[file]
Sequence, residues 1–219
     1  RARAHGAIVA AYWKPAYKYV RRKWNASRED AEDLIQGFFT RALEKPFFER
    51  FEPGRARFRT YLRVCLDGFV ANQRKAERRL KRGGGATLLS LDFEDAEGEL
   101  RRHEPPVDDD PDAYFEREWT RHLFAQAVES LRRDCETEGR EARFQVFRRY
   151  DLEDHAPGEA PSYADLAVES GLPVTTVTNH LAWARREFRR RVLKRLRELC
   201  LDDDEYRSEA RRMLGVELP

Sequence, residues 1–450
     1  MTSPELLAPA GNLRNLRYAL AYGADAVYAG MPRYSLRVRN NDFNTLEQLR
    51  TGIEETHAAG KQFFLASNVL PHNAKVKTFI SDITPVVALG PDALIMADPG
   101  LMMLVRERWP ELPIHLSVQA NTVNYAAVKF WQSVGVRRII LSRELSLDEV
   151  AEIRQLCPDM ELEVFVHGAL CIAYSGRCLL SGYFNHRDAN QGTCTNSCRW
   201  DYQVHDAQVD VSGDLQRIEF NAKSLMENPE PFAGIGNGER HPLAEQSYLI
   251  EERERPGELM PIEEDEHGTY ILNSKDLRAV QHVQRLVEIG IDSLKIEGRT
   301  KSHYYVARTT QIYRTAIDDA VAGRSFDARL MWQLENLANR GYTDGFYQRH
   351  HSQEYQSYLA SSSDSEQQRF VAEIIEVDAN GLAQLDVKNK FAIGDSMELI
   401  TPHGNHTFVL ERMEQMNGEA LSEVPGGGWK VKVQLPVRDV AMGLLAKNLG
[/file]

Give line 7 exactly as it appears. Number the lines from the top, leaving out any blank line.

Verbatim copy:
Sequence, residues 1–450